"I don't see how not to believe that they were [not?] working on the basis of internal polls that were just totally wrong"

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A striking misnegation from Josh Marshall, poetically reflecting his confusion about levels of belief, deception, and presentation in the recent presidential campaign — "Disturbing", TPM 11/12/2012:

As you know, the great question that faces the nation today is this: were Republicans, particularly Mitt Romney, really “shell shocked” by the results of Tuesday’s election or is this just some elaborate con-job for reasons as yet unknown. […]

I think at this point, I give up. I give in. I can’t maintain my skepticism. I don’t know quite how shell shocked Mitt and his crew were. But I don’t see how not to believe that Republicans as a group were not working on the basis of internal polls that were just totally wrong. Cui Bono? Why lie this much? I simply don’t see any purpose being served. I’ve heard many suggest that they need to keep up this pretense because these are the bogus numbers they were serving up to Adelson and the other multi-billionaires to keep the money coming in. But this doesn’t really make sense. Are these guys going to react worse because they were lied to than they are if they think the guys they gave their money to are a bunch of incompetents and morons? [emphasis added]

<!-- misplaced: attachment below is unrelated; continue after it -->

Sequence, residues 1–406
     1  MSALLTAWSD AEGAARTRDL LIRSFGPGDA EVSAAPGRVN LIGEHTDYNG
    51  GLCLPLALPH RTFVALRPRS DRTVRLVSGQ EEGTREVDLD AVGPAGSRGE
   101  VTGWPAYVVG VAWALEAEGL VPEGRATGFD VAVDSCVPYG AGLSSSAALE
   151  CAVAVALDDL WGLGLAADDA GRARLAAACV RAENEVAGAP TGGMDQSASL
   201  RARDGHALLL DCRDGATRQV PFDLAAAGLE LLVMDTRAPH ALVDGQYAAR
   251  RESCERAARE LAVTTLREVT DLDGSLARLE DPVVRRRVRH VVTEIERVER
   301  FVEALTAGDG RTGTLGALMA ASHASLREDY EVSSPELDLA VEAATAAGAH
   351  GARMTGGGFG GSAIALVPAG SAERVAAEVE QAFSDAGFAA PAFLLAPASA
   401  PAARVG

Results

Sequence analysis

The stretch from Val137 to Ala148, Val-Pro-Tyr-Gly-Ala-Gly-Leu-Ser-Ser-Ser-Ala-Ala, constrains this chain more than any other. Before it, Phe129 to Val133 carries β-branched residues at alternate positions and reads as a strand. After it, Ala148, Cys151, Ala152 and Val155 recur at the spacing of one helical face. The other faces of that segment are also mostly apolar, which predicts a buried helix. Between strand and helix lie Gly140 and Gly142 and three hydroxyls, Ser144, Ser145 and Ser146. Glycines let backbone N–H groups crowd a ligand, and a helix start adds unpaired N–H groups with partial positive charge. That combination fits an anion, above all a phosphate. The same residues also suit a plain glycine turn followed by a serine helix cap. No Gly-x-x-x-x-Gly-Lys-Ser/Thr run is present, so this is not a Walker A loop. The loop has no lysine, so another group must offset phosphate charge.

1. Chris Kern said,

    November 12, 2012 @ 8:52 am

    It's interesting how the structure is totally impenetrable but the intended meaning is clear from the context.

    [(myl) This is the basis of Wason & Reich's theory of how such sentences are mostly interpreted — see "No wug is too dax to be zonged", 11/28/2009.]

  2. Eric W said,